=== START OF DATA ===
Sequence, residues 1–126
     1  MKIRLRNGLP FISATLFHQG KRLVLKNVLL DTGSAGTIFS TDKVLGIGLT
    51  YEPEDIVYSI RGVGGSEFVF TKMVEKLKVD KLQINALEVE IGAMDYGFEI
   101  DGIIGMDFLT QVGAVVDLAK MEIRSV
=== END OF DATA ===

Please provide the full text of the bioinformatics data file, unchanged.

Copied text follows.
Sequence, residues 1–126
     1  MKIRLRNGLP FISATLFHQG KRLVLKNVLL DTGSAGTIFS TDKVLGIGLT
    51  YEPEDIVYSI RGVGGSEFVF TKMVEKLKVD KLQINALEVE IGAMDYGFEI
   101  DGIIGMDFLT QVGAVVDLAK MEIRSV